hello i want to stay with original parts i know that is easy to change master cylinder pump for another but this is not way for me





Well said Tomas. Keep it original, all those parts fitted at the factory that only needed zinc plating again and were replaced with stainless fasteners. Bikes with the original parts are much better {but harder work}, keep the faith and don't turn it into a .Birthday Cake'

{Electronic ignition and belt drives excepted}




I see this discussion has drifted from pads onto the ever popular master cylinder debate, one in which I am concerned. I've bought a commando with an original m/c and intend fitting a modern Nissin 1/2" m/c off a Honda CB 500 which also has an adjustable lever. I will also fit a HEL braided hose. Now I appreciate and respect the "maintain originality" arguement but I want to believe I will stop when I pull on the lever. However, despite reading endless internet threads on the subject, I  haven't found anybody describing how you can neatly fit an alternative master cylinder and at the same time maintain the original multi functional handlebar switchblock which is integral with the original master cylinder. I have a few ideas but none are entirely satisfactory. Does anybody have a neat solution to keeping the original switchblock while fitting an alternative master cylinder? 



The only way I know is to have an adaptor plate made up, slot for handlebars and 2 sets of holes, 1 set for switch block and another for the new master cylinder. I resleeved the Norton one with an alloy liner to forgo that pleasure.


i found kit on master cylinder here


thanks to all for your informations al will try  Ferodo Platinum FDP 88P

and kit from rgm

Faffing about with adaptors does indeed seem to be the only way to use a "modern" master cylinder with the original switches.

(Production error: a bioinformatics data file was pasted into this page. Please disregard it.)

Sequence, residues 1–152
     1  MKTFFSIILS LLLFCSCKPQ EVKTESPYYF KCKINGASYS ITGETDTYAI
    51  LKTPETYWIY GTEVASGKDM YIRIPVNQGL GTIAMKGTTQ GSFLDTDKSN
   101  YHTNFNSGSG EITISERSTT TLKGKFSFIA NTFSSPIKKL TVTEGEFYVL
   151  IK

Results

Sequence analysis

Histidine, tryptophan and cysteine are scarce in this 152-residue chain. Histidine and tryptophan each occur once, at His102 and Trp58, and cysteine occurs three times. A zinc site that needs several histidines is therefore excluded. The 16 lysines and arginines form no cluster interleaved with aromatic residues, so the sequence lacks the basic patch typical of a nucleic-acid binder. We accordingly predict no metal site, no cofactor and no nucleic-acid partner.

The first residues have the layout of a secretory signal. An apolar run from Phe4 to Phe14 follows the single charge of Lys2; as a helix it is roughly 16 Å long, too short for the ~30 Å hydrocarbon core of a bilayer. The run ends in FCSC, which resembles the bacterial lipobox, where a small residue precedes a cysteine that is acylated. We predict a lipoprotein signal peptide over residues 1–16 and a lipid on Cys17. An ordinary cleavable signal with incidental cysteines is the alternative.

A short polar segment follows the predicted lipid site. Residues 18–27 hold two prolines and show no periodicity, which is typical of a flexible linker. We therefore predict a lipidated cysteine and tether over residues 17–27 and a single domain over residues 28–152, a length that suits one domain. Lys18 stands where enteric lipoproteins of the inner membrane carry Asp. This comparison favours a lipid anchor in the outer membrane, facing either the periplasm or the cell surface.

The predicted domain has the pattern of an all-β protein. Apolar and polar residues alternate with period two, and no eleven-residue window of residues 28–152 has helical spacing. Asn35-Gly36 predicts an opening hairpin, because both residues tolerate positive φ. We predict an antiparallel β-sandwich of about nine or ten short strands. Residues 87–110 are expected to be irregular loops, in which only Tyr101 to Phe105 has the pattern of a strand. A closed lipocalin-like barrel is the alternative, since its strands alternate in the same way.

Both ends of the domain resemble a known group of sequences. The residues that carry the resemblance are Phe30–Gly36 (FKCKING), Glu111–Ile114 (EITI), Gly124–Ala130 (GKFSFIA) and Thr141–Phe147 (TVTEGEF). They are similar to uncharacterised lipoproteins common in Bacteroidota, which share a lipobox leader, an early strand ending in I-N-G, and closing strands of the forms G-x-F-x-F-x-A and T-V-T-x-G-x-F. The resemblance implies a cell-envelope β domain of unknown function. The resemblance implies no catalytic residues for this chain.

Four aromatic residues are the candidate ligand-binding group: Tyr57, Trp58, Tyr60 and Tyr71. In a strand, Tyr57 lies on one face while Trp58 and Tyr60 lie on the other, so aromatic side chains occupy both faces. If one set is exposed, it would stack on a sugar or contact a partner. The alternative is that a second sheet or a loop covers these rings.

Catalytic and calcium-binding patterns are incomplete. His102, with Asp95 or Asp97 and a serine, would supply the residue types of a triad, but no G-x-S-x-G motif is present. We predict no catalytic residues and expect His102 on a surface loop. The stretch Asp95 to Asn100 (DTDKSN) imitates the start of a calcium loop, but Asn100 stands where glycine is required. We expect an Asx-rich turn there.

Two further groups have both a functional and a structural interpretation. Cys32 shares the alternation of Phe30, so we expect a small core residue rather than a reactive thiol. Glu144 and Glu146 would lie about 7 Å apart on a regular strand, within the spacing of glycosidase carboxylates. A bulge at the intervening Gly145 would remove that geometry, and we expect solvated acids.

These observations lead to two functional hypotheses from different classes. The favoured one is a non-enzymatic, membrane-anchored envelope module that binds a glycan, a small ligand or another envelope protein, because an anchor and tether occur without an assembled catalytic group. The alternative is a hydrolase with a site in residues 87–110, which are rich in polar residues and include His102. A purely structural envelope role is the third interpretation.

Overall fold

But this points to another reason for getting rid of the standard set-up. I'm deeply unimpressed with the idea of relying on the four stupid little screws threading into alloy of doubtful quality to keep such a safety-critical item attached to the handlebars*.

Like the caliper, the design is a triumph (sorrry!) of style over function. The substantial clamps favoured by the Japanese and Italians are there for a reason.

*or handlebar, singular, as the late Harry Louis used to insist that "Motor Cycle" call them, when he edited it. Only clip-ons were allowed to be plural.


I had arrived at the solution to clamping the right hand switch block while discarding the original master cylinder before I saw the solution in practice on the Commando on display at the Stafford Show and discussing that bike's many modifications with Alan Clarke. The solution is to find yourself a scrap/used or even new clutch lever pivot. Cut off the clutch lever pivot and fettle it to look nice. The remaining part can be used as the back half clamp for the right hand switch block while you mount a modern master cylinder like the very nice 13mm Nissin one with adjustable lever I obtained from a breaker. Apologies to the purists who like origanality but the costs of an Andover 13mm OEM style master cylinder or a sleeving exercise are prohibitive compared with this fix.